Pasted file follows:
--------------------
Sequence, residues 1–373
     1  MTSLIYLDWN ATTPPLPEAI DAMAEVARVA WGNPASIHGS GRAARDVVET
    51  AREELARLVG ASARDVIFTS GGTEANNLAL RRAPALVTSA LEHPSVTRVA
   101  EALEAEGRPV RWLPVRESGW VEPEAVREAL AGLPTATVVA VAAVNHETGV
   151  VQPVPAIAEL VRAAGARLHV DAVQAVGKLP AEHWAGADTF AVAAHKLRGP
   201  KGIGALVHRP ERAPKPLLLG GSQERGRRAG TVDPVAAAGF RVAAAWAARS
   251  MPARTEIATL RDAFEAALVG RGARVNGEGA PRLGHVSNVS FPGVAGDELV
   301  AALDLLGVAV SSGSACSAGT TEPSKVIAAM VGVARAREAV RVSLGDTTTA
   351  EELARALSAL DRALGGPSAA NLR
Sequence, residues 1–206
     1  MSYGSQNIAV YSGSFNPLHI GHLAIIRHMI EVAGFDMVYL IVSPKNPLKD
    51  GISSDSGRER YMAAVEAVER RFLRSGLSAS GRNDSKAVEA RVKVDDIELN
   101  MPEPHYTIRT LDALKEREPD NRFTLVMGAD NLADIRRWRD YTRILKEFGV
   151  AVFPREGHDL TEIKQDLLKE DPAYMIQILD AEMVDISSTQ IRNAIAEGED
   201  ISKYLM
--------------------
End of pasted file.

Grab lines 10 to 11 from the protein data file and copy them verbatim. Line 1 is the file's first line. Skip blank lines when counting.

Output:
Sequence, residues 1–206
     1  MSYGSQNIAV YSGSFNPLHI GHLAIIRHMI EVAGFDMVYL IVSPKNPLKD